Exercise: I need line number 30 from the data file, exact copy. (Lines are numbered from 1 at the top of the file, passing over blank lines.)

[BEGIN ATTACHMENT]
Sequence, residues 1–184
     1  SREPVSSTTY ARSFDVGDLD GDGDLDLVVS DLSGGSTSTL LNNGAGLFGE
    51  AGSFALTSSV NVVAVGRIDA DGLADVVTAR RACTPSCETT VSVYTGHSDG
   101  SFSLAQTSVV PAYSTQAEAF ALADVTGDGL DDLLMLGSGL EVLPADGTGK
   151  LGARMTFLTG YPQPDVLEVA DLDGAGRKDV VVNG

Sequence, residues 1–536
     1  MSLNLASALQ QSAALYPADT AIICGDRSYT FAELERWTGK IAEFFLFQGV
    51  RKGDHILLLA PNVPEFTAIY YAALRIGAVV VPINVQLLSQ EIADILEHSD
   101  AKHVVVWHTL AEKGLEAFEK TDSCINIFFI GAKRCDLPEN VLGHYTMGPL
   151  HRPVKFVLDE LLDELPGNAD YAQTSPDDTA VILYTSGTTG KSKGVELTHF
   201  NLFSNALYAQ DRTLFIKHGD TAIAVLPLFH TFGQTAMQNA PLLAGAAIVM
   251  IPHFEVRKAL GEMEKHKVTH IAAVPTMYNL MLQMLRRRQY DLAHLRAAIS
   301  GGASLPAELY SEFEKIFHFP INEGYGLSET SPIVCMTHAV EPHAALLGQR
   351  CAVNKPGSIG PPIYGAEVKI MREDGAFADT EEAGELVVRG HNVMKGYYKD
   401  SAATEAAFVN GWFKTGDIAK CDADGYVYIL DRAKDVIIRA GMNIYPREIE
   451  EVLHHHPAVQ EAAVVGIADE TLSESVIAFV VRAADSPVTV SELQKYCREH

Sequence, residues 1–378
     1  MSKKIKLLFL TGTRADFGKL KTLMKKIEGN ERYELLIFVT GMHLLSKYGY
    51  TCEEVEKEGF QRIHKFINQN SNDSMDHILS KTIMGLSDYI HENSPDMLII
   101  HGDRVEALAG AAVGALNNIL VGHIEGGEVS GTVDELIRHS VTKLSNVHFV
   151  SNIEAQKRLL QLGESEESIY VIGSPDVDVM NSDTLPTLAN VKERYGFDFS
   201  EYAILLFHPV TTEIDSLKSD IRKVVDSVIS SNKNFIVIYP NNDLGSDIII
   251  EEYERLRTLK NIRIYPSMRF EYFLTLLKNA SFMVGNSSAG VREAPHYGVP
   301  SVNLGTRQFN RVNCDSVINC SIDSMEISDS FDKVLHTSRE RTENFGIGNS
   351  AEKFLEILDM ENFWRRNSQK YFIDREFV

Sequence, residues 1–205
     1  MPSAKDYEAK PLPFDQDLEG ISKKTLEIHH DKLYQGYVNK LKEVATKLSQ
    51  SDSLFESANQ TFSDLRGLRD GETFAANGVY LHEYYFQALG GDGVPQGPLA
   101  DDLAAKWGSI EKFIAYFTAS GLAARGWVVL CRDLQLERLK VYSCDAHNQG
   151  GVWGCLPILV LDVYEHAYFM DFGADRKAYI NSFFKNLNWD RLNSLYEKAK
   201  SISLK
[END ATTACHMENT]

   151  GVWGCLPILV LDVYEHAYFM DFGADRKAYI NSFFKNLNWD RLNSLYEKAK